Microsoft drops developer update fees for Xbox 360

Microsoft drops developer update fees for Xbox 360
Craig Chapple

By Craig Chapple

June 27th 2013 at 11:00AM

Creators will no longer be charged in excess of $10,000 to patch their games

Microsoft has stopped charging developers to update games on the Xbox 360, according to a report.

Multiple development sources have told Eurogamer that the changes were made earlier this year. Previously, developers were said to have had to pay thousands of dollars to implement patches.

Initial certification charges remain, say the sources, but fees for re-certification when submitting a new game update have now been completely dropped.

The move applies to XBLA and retail titles for Xbox 360.

Despite this however, Microsoft is still able to issue a charge if developers make an “excessive” number of submissions after repeatedly failing the certification process.

Last year, developer Polytron criticised Microsoft for what it deemed as excessive fees blocking a key update for Fez on the Xbox 360, as it could not afford to pay tens of thousands of dollars to do so.

“The save file delete bug only happens to less than a per cent of players,” read a statement.

“It’s a shitty numbers game to be playing for sure, but as a small independent, paying so much money for patches makes no sense at all., especially when you consider the alternative.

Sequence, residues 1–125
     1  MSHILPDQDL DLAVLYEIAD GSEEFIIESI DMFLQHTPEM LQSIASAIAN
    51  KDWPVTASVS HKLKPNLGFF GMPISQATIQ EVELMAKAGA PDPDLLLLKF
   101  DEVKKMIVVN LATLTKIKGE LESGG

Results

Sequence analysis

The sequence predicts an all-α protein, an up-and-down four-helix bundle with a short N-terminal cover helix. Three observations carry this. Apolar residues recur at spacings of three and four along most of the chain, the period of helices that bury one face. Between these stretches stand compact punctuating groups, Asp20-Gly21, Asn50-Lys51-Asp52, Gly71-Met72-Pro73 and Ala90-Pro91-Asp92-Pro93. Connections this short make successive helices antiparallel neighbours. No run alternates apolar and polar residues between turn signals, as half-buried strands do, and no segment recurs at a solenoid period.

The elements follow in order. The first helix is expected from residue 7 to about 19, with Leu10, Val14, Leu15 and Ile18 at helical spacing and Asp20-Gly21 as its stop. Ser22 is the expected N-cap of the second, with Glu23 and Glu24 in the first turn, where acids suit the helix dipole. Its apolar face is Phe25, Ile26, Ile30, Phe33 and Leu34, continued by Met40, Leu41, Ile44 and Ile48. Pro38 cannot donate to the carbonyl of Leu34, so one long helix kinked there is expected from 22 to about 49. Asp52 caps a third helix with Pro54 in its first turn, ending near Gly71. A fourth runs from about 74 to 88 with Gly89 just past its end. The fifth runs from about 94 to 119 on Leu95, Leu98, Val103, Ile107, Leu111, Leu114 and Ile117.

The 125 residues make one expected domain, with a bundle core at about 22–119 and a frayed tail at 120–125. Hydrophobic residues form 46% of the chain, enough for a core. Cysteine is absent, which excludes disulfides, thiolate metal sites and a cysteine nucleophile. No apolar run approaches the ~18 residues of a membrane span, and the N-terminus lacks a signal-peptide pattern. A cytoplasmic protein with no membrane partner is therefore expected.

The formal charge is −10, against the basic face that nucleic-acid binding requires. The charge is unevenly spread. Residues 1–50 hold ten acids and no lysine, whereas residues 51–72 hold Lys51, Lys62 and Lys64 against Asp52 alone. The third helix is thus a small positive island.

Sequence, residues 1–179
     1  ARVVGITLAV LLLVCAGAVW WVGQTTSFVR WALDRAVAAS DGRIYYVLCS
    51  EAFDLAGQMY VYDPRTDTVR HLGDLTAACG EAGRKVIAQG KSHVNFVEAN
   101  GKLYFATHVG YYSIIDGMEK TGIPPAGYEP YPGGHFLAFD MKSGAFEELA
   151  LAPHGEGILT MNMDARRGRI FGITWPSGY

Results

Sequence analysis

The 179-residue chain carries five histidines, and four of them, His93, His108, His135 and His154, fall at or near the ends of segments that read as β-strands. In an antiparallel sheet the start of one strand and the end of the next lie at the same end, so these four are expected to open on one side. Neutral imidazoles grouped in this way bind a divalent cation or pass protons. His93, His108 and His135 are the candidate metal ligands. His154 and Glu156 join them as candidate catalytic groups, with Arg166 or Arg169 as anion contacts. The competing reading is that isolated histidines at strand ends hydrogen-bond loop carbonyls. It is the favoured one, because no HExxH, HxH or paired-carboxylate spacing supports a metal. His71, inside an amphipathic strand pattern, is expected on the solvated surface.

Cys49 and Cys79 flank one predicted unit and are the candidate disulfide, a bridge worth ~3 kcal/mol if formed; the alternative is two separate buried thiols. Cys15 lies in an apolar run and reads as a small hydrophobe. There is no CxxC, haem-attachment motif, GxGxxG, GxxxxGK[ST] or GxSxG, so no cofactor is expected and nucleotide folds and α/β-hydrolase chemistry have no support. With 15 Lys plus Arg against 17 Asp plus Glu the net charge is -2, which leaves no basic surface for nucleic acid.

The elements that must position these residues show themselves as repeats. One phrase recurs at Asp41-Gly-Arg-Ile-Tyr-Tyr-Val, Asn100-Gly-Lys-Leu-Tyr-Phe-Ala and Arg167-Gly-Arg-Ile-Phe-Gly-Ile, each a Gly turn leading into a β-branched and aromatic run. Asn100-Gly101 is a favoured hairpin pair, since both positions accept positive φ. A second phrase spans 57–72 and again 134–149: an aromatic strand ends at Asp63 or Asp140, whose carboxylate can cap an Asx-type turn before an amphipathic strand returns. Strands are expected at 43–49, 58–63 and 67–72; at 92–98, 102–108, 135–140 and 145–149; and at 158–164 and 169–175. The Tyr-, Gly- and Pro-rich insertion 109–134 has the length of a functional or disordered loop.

“Had Fez been released on steam instead of XBLA, the game would have been fixed two weeks after release, at no cost to us. And if there was an issue with that patch, we could have fixed that right away too.”

Microsoft has come under heavy criticism of late for its stance on indie support for the Xbox One. As it stands, developers will not be able to self-publish on the new console, and the company is also set to ditch the Xbox Live Arcade and Indie sections on its digital storefront in favour of a larger, all-inclusive marketplace.

It is not currently clear whether update fees will also be dropped for the Xbox One.

We have reached out to Microsoft for further comment.